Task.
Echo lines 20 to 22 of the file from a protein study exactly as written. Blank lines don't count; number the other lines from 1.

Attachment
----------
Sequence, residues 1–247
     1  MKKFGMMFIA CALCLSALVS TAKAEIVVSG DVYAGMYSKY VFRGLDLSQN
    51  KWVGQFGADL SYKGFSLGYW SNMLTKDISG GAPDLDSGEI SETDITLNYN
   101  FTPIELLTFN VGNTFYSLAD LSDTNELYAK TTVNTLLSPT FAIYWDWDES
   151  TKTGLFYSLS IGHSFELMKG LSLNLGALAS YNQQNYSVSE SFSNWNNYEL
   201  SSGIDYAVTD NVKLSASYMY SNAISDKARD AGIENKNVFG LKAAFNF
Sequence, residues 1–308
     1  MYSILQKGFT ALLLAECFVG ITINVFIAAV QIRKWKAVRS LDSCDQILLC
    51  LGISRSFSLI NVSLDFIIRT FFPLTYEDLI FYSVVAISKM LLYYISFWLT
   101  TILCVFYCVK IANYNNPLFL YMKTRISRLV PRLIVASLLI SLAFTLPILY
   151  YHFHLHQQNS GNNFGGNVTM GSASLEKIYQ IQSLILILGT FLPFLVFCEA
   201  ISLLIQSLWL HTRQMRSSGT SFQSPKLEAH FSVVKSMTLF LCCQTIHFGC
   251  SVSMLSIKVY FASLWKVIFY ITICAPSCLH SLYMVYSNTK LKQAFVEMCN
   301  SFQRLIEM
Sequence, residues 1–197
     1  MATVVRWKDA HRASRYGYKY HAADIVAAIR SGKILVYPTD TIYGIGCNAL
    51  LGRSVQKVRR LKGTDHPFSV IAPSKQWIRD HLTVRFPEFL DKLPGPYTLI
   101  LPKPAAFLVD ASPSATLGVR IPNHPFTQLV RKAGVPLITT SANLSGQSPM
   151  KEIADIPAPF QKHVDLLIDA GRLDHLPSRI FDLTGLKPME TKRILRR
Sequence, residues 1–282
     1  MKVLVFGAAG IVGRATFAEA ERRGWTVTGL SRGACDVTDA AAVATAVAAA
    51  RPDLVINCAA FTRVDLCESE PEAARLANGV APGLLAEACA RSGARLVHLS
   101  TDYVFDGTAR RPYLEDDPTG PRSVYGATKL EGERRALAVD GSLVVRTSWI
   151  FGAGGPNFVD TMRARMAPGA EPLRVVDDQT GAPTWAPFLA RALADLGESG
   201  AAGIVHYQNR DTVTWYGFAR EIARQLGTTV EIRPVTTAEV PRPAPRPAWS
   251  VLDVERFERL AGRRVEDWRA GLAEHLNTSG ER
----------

Sequence, residues 1–282
     1  MKVLVFGAAG IVGRATFAEA ERRGWTVTGL SRGACDVTDA AAVATAVAAA
    51  RPDLVINCAA FTRVDLCESE PEAARLANGV APGLLAEACA RSGARLVHLS